Against all odds, I'm still alive.

In 2005, when I began to realise that Kathy McCabe was mistreating me, I increased my alcohol intake to help dull the psychological pain, and to stop the intrusive thoughts that prevented me from sleeping at night.

In case you only intend to read a small part of this post, let me tell you that that was not the correct response to bullying. So if you are being bullied at work, I do not advise you to drown your feelings in alcohol. The correct response is probably to see your own doctor. If your employer has an Occupational Health doctor, then you might want to visit them, however you should be aware that they may not be completely independent. They could just be an extension of management, in much the same way that HR may be. Yes, I had foolishly thought that HR was there to look after the employees. Many people still do!

Unfortunately, I didn't seek help from a doctor. For one thing, I didn't have a doctor, but even if I had, I probably wouldn't have visited them. I'm a man, and it seems that we men have a natural tendency to bottle up our problems. 'Doctors are for people who are REALLY ill. They don't need the likes of me taking up their valuable time.'

To be honest, I thought the alcohol was helping me. It helped me get some sleep, and if you're sleeping, then all those nasty intrusive thoughts can't fill your head and make you toss and turn all night. To be honest, that still seems to me to have been a tangible benefit from drinking alcohol at that time, but I think the problem lies in the longer term. The underlying problem of the bullying didn't go away, and I found that I was having to increase my dosage in order to gain the same relief. My main choice of medicine was whisky, although I also added wine, vodka, brandy and lager to the mix. By 2009, I was consuming roughly 120 cl of whisky every day. That's almost two bottles, or nearly 3 pints.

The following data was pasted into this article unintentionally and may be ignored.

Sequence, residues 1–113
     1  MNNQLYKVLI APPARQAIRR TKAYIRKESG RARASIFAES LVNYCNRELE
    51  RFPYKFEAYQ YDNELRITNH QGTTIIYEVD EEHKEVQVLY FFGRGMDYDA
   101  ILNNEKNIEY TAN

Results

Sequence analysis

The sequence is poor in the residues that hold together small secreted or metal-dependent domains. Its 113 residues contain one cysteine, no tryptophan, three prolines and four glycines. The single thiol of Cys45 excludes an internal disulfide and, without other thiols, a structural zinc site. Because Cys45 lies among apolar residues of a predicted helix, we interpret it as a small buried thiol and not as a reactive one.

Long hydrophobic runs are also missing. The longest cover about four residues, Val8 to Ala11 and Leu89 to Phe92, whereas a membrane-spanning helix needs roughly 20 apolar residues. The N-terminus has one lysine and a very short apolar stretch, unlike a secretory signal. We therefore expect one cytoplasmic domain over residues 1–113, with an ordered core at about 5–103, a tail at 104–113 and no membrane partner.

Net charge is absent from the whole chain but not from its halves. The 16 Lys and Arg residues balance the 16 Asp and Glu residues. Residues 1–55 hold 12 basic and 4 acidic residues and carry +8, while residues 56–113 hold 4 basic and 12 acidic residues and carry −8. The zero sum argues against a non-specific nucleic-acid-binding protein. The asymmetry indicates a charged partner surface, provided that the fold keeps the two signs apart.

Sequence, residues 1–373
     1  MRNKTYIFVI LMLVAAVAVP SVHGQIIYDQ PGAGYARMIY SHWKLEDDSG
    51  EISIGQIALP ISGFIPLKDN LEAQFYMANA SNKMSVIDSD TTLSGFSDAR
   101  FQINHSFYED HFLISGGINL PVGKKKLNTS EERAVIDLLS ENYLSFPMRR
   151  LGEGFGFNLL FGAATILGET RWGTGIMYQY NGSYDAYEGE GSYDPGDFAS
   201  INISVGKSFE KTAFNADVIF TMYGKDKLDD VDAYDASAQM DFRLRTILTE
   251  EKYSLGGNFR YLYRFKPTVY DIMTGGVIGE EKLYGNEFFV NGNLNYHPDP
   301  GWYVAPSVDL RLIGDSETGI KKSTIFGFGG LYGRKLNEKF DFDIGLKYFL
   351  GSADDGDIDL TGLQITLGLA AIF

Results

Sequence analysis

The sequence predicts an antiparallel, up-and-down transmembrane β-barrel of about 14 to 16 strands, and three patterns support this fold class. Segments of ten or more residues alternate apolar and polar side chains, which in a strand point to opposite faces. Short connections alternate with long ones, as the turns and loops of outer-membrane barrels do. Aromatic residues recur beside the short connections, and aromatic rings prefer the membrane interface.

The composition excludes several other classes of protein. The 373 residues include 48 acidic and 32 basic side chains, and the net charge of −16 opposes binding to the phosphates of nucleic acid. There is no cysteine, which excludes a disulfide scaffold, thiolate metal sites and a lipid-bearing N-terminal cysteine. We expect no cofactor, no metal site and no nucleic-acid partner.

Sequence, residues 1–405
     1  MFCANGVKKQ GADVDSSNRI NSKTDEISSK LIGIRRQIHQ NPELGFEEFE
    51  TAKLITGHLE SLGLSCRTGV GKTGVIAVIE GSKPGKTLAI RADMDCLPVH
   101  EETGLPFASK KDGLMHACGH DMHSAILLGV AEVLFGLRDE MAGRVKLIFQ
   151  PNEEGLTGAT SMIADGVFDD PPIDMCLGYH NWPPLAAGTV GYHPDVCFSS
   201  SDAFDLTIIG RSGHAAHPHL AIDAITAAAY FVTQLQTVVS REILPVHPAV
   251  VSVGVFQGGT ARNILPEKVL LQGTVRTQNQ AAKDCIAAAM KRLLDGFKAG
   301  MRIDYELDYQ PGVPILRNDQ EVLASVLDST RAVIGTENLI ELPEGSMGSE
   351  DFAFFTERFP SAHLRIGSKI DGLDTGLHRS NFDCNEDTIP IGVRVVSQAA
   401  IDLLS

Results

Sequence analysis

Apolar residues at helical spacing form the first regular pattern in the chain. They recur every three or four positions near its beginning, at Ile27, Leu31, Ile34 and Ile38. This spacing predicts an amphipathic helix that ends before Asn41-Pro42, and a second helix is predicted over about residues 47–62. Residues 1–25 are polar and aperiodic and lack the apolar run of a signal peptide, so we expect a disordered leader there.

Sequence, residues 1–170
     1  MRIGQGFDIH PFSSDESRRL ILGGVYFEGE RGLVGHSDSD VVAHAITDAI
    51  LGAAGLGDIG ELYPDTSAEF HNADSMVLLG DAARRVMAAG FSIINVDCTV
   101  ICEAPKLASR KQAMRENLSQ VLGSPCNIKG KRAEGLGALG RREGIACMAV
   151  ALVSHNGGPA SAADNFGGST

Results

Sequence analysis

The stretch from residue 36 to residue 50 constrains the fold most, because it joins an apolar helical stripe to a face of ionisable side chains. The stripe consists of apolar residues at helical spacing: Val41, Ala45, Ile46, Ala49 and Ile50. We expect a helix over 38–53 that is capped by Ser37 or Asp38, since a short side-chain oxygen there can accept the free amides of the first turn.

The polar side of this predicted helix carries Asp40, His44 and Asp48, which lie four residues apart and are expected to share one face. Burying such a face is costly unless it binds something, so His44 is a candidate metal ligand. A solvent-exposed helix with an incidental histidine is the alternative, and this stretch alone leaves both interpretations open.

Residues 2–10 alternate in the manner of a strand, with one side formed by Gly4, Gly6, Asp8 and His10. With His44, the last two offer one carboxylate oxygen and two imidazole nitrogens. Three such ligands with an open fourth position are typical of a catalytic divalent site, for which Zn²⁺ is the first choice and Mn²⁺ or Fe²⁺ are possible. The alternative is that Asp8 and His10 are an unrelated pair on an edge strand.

Looking back, the weird thing is that it didn't effect my work or my attendance. I didn't need or think about alcohol while I was working. Ironically, work was therapeutic and helped to reduce the stress. That is until there was a bullying incident, or a discussion related to bullying that would cause the stress to go through the roof.

I've never suffered from hangovers. That may not be a good thing though. Maybe hangovers are nature's way of telling you to cut back. And I should have cut back, because while I was enjoying the benefits of the alcohol, I wasn't giving any thought to the damage it was causing me.

Firstly, alcohol is a depressant. It's like Kathy McCabe in a bottle. Secondly, it kills. It kills people who drink far less than I did for far shorter periods than I did. I've read up on this a bit, and I'm amazed to still be alive. For several years I was drinking as much as 16 times the recommended limit for a man.

It still wasn't enough to prevent the intrusive thoughts. Around the same time that I began over-drinking, I began to gamble excessively. The theory was that while I was thinking about gambling, I couldn't be thinking about anything else. And to some extent that worked. However, the higher the level of stress I was under, the higher the amount of money it was necessary to gamble. Like work, it was therapeutic. But under the conditions of stress and alcohol, my gambling was erratic and out of control.